Left to right: Entertainer Toni “Bella” Blair, Tourism Minister Hon. Edmund Bartlett, Executive Director of TEF Clyde Harrison, Senior Manager at the Ocean Conservancy Allison Schutes and JET CEO Diana McCaulay at the JET cleanup of Fort Rocky marking ICC 2016 – Saturday, September 17. (Photo: Jamaica Environment Trust)

“KMT” Moments, Crocodile Feasts, and RIP Countryman: Sunday, September 18, 2016

Our feathered "winter visitors" are arriving - migrants from the north. These are always the first in our yard - the American Redstart or Butterfly Bird as we call them in Jamaica. You can't miss them. The one above with yellow markings is the female; the black and orange is the male. Welcome back to Jamaica, pretty ones!
Our feathered "winter visitors" are arriving - migrants from the north. These are always the first in our yard - the American Redstart or Butterfly Bird as we call them in Jamaica. You can't miss them. The one above with yellow markings is the female; the black and orange is the male. Welcome back to Jamaica, pretty ones!

I am not good at the “kmt” thing. In Jamaican social media slang this means “kiss my teeth” – a sound of irritation made when the tongue meets the front teeth. There were several occasions this week when I did a mental “kmt.” However, the cooler weather – bright sunny mornings and rainy afternoons – is suiting me just fine. The garden is looking really green, for the first time this year; and I just saw my first winter migrant – a female American Redstart (the “Butterfly Bird”). So, thank goodness for sweet Mother Nature.

Reverend Merrick "Al" Miller says "We are here to serve" and that he will continue to help wanted men. (Photo: Gleaner)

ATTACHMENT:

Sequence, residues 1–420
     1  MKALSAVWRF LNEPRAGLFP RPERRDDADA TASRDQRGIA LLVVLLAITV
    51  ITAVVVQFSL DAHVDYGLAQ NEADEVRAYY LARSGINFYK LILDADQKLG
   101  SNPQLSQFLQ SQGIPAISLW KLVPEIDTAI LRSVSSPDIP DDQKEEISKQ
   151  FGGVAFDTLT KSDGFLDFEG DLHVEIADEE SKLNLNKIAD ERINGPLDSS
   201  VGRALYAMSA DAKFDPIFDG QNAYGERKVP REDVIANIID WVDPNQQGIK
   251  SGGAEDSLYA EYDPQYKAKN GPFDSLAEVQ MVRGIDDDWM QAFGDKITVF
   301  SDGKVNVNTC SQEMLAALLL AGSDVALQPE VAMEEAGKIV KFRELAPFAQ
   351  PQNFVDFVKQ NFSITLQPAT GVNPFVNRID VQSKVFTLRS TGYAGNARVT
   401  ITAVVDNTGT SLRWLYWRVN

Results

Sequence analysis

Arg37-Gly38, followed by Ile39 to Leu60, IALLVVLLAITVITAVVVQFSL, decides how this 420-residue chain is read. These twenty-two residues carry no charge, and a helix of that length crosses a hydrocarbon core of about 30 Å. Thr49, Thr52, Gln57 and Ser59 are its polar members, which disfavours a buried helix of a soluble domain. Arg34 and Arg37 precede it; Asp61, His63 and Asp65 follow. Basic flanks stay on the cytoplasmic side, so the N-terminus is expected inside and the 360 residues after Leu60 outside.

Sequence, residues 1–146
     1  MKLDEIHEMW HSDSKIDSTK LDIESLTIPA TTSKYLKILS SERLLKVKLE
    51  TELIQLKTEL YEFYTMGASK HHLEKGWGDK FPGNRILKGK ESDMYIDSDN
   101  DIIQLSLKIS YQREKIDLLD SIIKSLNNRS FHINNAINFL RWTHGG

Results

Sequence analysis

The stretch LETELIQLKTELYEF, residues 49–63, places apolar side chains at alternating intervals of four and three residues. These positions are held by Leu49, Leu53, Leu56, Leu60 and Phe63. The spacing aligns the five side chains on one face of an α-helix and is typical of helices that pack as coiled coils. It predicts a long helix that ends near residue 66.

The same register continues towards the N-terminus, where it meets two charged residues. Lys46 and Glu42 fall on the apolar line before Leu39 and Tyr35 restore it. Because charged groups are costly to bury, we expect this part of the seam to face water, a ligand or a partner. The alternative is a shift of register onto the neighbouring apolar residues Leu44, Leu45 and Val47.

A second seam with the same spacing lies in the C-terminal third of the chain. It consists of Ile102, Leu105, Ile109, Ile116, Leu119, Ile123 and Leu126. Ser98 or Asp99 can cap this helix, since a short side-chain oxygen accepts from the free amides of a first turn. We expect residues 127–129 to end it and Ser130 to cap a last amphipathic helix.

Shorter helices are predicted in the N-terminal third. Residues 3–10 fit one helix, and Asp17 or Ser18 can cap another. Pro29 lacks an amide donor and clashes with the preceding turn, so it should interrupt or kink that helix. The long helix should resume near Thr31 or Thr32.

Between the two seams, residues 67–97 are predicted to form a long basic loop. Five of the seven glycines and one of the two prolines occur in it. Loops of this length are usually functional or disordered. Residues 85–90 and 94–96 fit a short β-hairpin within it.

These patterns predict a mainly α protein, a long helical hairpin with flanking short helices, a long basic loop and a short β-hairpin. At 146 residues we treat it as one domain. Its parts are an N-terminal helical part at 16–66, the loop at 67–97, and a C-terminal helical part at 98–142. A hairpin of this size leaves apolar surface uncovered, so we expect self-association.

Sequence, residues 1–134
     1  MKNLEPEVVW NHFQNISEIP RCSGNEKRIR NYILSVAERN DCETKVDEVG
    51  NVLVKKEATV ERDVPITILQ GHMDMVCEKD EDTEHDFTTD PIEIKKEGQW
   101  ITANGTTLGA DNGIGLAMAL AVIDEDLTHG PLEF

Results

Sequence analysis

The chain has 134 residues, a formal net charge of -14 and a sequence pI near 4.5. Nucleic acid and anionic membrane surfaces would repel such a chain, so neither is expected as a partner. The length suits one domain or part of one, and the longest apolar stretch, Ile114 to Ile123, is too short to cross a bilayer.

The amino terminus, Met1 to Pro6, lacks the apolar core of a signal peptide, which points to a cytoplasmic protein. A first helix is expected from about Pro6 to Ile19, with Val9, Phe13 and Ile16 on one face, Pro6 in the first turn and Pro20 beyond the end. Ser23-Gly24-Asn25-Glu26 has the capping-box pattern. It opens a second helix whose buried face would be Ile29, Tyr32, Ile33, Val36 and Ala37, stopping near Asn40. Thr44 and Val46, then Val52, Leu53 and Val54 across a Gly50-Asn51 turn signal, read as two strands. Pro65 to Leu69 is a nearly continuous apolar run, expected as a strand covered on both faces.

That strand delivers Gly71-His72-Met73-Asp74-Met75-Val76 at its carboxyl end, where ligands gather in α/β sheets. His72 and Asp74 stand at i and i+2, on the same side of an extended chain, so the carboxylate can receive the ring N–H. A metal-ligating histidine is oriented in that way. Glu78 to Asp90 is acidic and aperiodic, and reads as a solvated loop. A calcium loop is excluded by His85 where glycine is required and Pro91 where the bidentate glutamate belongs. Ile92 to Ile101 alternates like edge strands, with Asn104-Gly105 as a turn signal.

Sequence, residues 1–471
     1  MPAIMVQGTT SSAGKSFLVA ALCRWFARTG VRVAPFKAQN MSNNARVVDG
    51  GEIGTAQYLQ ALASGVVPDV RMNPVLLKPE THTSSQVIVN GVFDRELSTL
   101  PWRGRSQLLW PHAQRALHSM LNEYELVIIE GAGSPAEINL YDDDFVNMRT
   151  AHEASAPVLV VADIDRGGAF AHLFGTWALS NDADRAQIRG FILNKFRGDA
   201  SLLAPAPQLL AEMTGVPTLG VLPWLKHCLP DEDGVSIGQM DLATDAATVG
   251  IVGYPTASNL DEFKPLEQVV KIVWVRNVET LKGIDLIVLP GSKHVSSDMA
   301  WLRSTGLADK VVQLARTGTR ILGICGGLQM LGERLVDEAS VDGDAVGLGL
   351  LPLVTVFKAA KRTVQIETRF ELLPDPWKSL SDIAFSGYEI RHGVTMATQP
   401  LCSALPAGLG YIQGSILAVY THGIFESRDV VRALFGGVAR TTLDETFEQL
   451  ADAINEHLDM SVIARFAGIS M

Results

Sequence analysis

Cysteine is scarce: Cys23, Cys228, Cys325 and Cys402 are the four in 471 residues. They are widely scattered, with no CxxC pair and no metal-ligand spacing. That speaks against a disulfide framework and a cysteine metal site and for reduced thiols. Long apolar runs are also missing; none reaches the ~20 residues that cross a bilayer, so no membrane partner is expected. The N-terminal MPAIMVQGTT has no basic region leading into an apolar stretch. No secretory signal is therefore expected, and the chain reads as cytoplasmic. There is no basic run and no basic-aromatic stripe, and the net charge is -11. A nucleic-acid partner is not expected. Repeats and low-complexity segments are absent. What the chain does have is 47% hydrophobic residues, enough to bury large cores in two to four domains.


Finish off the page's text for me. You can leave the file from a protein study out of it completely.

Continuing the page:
Reverend Merrick “Al” Miller says “We are here to serve” and that he will continue to help wanted men. I sense discomfort on the part of the JCF? (Photo: Gleaner)

“KMT” moment #1: The Reverend Al Miller, who was found guilty of attempting to pervert the course of justice, received a J$1 million fine (the maximum fine – one that he paid immediately). In July 2010, Reverend Miller drove a man wanted in the United States, Christopher “Dudus” Coke, in disguise into Kingston, purportedly to turn him in to the U.S. Embassy. Despite trying to elude the police, they were caught.  A second “KMT” was when fellow clergyman Bishop Herro Blair decided to get in on the self-serving act, weeping outside the court room after Rev. Miller’s sentencing, and telling journalists that he was also asked to intercede with Coke – before Rev. Miller – and “it could have been him.” Please give me a break, Bishop Blair!  For me, the whole episode reeked of hypocrisy, but I am told Rev. Miller performs great services for Jamaica, so perhaps I am being uncharitable. His many supporters have been praying for him – and hey, the prayers worked! No prison time for Al. One quite perturbing detail in this case (Rev. Miller was found guilty in July) was that then Commissioner of Police Owen Ellington did not testify in the court case. As for the whole business of clergymen working with the police to bring in wanted men – I truly have my doubts about this. Let the suspects turn themselves in with their lawyer. Following Bishop Blair’s tearful outburst, the current Commissioner of Police is planning to meet with him and other reverend people, to discuss “ambiguities” in the police-churchmen relationship, and to develop “protocols.” Yes, there are ambiguities, all right!

Talking of extradition… Fourteen extradition requests from the United States are now pending; eight Jamaicans appeared in court on September 13, having been indicted in North Dakota on 48 counts of wire fraud, 15 counts of mail fraud, and one count each of conspiracy and attempting to commit wire fraud. More to follow…

Tweet from @PSimpsonMiller: I want Cde @LisaHannamp to know that she has a bright future ahead in the PNP. She did well and her time will come.

Tweet from @PSimpsonMiller: I want Cde @LisaHannamp to know that she has a bright future ahead in the PNP. She did well and her time will come.